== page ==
The perfect way to defend natural remedies

The Good Life Letter 

1st April 2016

  • Why the NHS won’t be offering this valuable natural remedy any more
  • Discover when evidence is never the answer
  • Here’s why science needs to wake up
I’m a reasonable man.

No, seriously... when issues are to be discussed I do listen to the arguments and then make my own mind up.

The tenacity that I then have to defend my opinion can occasionally get me into trouble, but only in an appropriate circumstance.

Lara will testify to the fact that I have spent many an evening with visitors to the house pretending that the absolute tosh they are spouting might have some relevance, whilst biting my lip – holding back my desire to roar my defiance at them for the sake of friendship.

She’ll also point out that as we close the door on their departing forms I do have a varied collection of verbal insults that I can unleash!

So yes, I would class myself as reasonable... and just a bit temperamental!

In my work for the Good Life Letter I also seek out the details and background to the stories which pique my interest and attempt to offer some kind of balanced view, or at least not too over the top.

In this respect I understand the nature of good evidence and clear rationale.

But for the life of me I can’t understand the need for absolute proof at a majorly scientific level for something that has clearly worked for thousands of years.

Where this is all leading is my need to try to put the latest announcement by NICE about acupuncture into some kind of context.

If you didn’t see the story it went like this.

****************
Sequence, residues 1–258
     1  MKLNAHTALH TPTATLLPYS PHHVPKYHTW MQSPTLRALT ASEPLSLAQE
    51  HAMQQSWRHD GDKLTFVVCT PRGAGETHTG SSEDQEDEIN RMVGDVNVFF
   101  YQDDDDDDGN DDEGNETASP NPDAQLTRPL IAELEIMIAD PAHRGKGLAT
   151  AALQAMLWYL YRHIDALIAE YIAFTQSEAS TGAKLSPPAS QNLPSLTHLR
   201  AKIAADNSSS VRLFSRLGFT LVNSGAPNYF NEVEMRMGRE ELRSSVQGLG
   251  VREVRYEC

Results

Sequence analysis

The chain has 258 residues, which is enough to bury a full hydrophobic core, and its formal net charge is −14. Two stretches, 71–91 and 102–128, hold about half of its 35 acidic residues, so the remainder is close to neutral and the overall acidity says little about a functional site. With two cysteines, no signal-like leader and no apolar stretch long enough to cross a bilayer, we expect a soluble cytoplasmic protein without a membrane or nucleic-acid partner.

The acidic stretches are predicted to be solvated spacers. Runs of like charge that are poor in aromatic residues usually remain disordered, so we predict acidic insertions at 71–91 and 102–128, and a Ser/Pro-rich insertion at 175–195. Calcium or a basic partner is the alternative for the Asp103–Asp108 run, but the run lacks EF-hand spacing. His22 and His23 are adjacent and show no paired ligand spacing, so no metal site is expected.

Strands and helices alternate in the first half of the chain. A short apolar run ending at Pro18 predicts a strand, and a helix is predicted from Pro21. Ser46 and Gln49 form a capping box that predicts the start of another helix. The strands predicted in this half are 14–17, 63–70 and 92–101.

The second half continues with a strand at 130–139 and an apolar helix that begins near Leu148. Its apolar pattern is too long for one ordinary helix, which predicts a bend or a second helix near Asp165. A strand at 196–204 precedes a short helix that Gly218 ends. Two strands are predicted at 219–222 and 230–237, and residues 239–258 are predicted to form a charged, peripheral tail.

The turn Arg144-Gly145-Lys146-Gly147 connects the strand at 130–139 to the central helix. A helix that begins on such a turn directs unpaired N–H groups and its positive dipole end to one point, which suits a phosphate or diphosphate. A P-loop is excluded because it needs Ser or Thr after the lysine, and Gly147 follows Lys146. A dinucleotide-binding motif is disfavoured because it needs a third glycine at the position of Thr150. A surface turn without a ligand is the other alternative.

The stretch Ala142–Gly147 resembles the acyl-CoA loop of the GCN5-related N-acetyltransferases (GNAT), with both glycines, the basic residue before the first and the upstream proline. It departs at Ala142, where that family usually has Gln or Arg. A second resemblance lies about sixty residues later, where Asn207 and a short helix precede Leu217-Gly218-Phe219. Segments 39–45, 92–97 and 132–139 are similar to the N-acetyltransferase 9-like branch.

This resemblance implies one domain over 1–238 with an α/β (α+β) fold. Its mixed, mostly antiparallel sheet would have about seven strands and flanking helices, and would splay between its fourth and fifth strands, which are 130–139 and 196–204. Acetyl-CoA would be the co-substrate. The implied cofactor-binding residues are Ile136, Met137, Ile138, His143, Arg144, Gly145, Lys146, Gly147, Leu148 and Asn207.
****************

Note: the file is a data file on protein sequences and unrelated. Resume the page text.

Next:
Putting a pin in pain

Acupuncture has been used for many millennia to help resolve pain and other ills, having its foundations in ancient Chinese medicine.

It has been offered on the NHS for treating muscle and joint pain, and administered by GPs and physiotherapists as part of combined therapies.

However, last week the clinical head of NICE announced that its use was being withdrawn from guidelines for lower back pain.

Speaking to the press Professor Mark Baker said ‘Regrettably, there is a lack of convincing evidence for some widely used treatments. For example, acupuncture is no longer recommended for managing lower back pain with or without sciatica. This is because there is not enough evidence to show it is more effective than sham treatment.'
What kind of evidence did they look for?

My own poor knee has benefitted greatly every time I visit my ‘lady with the pins’ and I personally know around twenty other people who have all used this method of treatment for varied aches and pains – all with great success.

A simple search of the scientific databases (Medline, Cochrane and PEDRO) yields hundreds of papers which show convincing trials data that supports the use of acupuncture for pain relief.

Even the NHS’s own website(1) has this to say –

Systematic reviews carried out by The Cochrane Collaboration have found there is some evidence acupuncture may have a beneficial effect on the following conditions:

  • chronic lower back pain
  • tension-type headaches
  • migraines
  • nausea and vomiting after chemotherapy
  • nausea and vomiting after surgery
  • osteoarthritis
  • neck pain
  • irritable bowel syndrome (IBS)